Spinning the wheels of innovation – Innolead Impact 2023
Thursday, November 30, 2023
At the end of October, my colleague Sue Liang and I made our way to Boston to attend the 2023 Innolead Impact event, which centered on key innovation topics such as building new ventures and optimizing your team’s ways of working. As a proud sponsor, we were eager to hear from (and rub shoulders with) an incredible selection of innovation experts. As leaders of our own workshop, we were excited to demonstrate the power of strategy, collaboration, and visual communication.
We put these elements of innovation into practice while developing the activity we brought to the event. Before we arrived, we spent time ideating ways to provide value for the attendees with our team members, including both strategists and designers. With much of the conference speaking to new ways of innovating, we wanted to ensure that the information the attendees left with—and the ideas that the information sparked—wouldn’t fall victim to common pitfalls that appear along the path. We created a workshop that communicated our passion and expertise while also being engaging and informative. Luckily, that’s what we do every day.
Break out of the doom loop
Innovation is challenging. From ideation to execution, many obstacles can stop your idea in its tracks. For many organizations, the majority of these challenges come from within and can lead to promising initiatives fizzling out before they really get started. To break out of this “doom loop,” one must first understand the hurdles that have caused it in the first place. With that in mind, combined with Territory’s expertise in visual thinking, the Wheels of Innovation were born.
The Wheel of Doom
The Wheel of Doom is designed to kickstart a conversation about why your innovative initiatives have failed, with a variety of common categories and topics the reasons could fall under.
Our Impact workshop attendees wrote down real examples of products or services that had failed at their respective organizations and collaborated with fellow attendees to discuss what had gone wrong. Inspired by the visual template, the attendees took to the Wheel of Doom with gusto, and several common reasons for failure emerged. By far, the most common was a lack of support or resources. Attendees found leadership unwilling to provide funding or too inaccessible even to ask. For one group, a risk-averse culture within their organization proved to be their innovation’s ultimate downfall.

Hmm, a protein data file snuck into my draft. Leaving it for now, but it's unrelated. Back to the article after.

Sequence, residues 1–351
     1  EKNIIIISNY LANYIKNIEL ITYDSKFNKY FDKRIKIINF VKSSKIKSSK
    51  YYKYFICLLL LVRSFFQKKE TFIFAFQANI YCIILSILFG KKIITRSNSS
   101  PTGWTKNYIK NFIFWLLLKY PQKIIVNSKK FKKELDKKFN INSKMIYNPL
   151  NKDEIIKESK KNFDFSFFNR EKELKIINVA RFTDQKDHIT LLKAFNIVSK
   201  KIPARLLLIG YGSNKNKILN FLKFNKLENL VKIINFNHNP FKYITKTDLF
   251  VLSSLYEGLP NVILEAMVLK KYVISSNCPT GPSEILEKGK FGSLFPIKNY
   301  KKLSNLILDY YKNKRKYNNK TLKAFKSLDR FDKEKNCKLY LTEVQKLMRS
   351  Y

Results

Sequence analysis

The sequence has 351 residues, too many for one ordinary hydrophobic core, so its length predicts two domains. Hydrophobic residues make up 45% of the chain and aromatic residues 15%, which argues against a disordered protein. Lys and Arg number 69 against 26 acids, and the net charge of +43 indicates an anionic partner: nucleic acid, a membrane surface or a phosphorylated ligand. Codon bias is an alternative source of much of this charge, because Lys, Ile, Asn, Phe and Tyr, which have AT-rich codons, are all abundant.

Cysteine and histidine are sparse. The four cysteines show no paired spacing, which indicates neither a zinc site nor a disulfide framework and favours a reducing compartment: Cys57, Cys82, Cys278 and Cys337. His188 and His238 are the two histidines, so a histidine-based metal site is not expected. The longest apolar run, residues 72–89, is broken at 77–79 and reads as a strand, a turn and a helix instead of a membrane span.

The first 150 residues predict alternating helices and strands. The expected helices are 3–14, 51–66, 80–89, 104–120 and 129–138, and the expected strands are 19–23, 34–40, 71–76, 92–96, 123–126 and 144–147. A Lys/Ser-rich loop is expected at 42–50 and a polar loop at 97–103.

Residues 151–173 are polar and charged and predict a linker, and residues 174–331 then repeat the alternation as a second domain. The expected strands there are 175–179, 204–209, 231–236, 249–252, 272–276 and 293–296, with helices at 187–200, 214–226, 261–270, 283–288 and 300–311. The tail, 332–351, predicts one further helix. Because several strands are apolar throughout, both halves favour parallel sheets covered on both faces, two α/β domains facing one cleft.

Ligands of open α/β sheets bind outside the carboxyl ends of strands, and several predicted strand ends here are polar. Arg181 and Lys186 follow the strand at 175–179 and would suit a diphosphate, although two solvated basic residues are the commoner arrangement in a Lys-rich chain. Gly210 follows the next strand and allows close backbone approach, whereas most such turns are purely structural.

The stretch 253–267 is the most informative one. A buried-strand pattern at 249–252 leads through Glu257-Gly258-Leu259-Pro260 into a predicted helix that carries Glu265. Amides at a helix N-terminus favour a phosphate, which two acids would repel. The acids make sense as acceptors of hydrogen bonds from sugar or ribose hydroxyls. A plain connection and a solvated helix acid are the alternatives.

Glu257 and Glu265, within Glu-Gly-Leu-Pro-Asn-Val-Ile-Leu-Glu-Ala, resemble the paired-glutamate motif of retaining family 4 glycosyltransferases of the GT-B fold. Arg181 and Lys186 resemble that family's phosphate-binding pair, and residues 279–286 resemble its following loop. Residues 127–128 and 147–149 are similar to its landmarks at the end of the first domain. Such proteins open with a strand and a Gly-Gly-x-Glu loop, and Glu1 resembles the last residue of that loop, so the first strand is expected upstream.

The Wheel of Fortune
Once you know what went wrong, the natural next step is to figure out what to do differently. The Wheel of Fortune provides some firestarter topics for this conversation.
Our workshop attendees discussed alternative actions that could have been taken to change the outcome to ensure success, such as ensuring buy-in early on in the process (especially from leadership) and working collaboratively rather than in silos. Other takeaways included keeping the customer top-of-mind and using visual thinking to communicate with both coworkers and customers. For some, the workshop format itself served as inspiration. Several commended the illustrated templates, noting how helpful they were in understanding and completing the activity, a reminder of the power of visual communication.
Looking to the future
Ultimately, the goal of the Wheels of Innovation activity is to come away with a better understanding of how your innovations have failed and discover actionable ways to ensure future initiatives are set up for success. For our workshop attendees, that also meant setting them up for success to implement what they learned throughout the rest of the Impact event.
From hearing from a chief advisor to NASA on the future of AI to talking with the president of the Boston Celtics about innovation strategy, the Impact event was filled with valuable data, resources, and best practices for attendees to take back to their organizations. Our goal was to ensure that these learnings truly made an impact and that they, and the innovations they help inspire, don’t succumb to the “doom loop” that has claimed so many potential ideas.